Over the last decade or so, as the benefits of the separation of structure and presentation have been accepted by the design community, CSS has become increasingly important. HTML documents that just a few years ago would have been implemented with nested tables and spacer gifs in the HTML markup now have their presentational aspects created in separate CSS files. Almost everybody acknowledges that is a good thing, and I agree. Unfortunately, many very good books on CSS over the last decade (and still on the market) devote a lot of space trying to convince developers WHY CSS styling is preferable to the old-time methods, thus minimizing the pages they can devote to HOW one actually uses CSS. There was clearly a need for that emphasis in the past, but let me suggest that the war has been won and it's time to move on.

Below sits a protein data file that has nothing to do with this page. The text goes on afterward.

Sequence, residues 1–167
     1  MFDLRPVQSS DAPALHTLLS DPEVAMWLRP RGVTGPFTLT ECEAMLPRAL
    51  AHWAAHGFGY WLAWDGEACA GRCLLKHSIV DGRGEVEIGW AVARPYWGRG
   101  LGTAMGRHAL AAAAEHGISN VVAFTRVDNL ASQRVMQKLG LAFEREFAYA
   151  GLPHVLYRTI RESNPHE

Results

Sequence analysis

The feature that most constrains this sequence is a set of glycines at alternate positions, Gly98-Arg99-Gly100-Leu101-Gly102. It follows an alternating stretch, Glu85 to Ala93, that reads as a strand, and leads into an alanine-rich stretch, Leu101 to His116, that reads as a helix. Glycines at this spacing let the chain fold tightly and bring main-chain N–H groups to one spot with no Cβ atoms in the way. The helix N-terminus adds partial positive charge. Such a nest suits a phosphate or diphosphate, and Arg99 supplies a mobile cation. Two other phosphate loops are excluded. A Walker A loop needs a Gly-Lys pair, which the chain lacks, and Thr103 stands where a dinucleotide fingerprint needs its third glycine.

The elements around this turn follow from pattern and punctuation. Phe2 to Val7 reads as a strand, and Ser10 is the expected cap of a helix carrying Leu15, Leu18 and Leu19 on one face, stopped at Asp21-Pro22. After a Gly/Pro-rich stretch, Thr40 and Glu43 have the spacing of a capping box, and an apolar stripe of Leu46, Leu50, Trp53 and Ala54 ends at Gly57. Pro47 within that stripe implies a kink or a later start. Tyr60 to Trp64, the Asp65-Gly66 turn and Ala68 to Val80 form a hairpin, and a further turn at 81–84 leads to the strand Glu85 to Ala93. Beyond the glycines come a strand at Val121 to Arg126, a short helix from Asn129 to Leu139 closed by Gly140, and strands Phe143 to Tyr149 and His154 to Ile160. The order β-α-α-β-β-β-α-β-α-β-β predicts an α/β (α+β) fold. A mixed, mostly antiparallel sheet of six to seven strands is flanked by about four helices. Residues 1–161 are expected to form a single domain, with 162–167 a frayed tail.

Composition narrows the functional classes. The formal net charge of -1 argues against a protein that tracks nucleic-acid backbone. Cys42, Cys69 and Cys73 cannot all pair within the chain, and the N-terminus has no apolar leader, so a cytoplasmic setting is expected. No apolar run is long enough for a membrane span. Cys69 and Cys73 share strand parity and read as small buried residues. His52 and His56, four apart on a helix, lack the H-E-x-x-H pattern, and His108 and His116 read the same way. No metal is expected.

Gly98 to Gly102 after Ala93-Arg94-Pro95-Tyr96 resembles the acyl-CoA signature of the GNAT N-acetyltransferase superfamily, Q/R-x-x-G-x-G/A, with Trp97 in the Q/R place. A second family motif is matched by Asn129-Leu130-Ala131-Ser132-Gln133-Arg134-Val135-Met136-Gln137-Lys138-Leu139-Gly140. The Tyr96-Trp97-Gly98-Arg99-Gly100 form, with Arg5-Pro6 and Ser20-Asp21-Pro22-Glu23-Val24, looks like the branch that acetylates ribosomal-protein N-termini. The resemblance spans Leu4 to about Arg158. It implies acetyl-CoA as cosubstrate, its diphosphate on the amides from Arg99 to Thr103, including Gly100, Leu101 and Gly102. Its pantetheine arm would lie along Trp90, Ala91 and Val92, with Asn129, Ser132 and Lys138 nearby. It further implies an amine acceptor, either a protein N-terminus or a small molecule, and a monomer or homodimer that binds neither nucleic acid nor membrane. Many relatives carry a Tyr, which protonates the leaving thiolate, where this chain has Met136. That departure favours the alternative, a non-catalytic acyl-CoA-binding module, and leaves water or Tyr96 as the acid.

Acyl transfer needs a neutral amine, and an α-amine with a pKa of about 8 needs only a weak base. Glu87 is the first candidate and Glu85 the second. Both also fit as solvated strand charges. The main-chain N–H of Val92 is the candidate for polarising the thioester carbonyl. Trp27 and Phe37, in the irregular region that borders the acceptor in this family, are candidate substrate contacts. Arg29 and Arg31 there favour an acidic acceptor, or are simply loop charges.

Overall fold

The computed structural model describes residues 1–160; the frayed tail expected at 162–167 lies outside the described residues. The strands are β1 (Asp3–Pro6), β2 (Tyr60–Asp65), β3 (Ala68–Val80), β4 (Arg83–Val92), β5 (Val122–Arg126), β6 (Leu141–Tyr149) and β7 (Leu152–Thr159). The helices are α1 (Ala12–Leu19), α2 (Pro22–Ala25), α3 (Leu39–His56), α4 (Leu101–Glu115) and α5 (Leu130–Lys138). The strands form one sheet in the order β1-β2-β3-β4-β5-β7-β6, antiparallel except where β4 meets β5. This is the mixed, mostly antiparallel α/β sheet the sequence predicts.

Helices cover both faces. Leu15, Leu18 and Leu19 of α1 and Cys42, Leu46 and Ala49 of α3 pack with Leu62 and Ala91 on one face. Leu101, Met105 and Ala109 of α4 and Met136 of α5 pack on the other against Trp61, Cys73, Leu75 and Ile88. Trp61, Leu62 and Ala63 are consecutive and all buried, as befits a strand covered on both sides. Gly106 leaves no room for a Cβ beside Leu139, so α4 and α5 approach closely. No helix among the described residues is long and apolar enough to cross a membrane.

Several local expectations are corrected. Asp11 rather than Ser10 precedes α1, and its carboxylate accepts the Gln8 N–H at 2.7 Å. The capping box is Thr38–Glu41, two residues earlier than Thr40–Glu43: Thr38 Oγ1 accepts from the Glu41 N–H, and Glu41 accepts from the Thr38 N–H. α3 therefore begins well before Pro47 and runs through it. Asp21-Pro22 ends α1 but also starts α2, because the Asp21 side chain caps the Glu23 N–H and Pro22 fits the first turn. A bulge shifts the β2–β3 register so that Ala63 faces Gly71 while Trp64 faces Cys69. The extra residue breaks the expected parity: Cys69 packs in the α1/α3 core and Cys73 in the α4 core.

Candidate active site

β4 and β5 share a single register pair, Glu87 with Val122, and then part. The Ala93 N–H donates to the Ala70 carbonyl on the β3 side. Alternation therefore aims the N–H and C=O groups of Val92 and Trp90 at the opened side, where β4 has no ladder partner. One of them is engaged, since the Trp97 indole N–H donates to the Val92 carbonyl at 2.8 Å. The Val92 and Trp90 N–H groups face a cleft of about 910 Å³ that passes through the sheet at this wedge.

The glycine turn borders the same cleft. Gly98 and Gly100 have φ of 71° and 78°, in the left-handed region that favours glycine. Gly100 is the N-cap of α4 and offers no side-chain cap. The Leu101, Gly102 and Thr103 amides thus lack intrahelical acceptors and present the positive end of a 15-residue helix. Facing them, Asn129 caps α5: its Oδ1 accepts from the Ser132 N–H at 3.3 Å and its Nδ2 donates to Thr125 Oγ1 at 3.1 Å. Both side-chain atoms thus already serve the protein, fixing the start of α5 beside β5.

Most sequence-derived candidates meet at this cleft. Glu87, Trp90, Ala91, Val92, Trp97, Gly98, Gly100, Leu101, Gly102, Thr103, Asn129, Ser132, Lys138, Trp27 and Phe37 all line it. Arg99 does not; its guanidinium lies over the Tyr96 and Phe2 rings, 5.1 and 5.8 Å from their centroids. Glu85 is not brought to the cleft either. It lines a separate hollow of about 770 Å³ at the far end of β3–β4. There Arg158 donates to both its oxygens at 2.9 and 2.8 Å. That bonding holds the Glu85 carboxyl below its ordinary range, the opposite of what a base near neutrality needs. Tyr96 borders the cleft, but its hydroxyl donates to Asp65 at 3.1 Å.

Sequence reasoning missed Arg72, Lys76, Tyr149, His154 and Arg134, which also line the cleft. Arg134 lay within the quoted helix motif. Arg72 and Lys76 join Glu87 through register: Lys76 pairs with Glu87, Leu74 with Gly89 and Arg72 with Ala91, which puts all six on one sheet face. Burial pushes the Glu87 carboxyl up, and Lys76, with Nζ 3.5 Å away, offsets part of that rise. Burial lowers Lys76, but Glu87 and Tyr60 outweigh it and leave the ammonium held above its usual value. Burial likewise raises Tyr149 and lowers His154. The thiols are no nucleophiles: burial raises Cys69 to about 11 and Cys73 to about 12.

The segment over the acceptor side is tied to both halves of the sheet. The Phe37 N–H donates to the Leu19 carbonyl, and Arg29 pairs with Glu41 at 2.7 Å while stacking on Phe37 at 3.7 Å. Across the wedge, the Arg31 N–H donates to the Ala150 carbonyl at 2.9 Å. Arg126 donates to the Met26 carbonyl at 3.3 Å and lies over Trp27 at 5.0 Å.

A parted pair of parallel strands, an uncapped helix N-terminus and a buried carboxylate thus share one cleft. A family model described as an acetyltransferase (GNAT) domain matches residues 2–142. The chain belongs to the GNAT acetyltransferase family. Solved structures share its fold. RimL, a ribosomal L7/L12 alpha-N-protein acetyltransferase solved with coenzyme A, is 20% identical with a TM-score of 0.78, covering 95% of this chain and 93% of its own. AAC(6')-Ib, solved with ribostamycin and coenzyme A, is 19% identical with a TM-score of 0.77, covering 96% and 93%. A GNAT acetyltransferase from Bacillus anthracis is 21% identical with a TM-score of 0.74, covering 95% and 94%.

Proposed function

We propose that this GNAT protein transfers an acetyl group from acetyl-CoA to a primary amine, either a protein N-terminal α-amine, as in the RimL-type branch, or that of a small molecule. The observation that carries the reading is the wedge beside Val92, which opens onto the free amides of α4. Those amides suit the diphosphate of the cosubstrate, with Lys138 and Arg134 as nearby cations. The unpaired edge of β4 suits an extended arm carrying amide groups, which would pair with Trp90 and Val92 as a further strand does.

This second edition of McFarland's book is, everything considered, the best book I've yet read on CSS, and I've read quite a few. At over 500 pages, it is thorough in its coverage and doesn't waste space rehashing the styling wars that have dominated the literature of the last decade. Explanations of topics are cogent and well illustrated. In addition to a copious amount of downloadable code examples, the author includes many links to online sources for further exploration of important topics. Browser incompatibilities are well covered and hacks provided. I especially thought the explanations on using CSS for layout tasks (e.g., divs, floats, relative and absolute positioning) were unusually clear and easy to understand.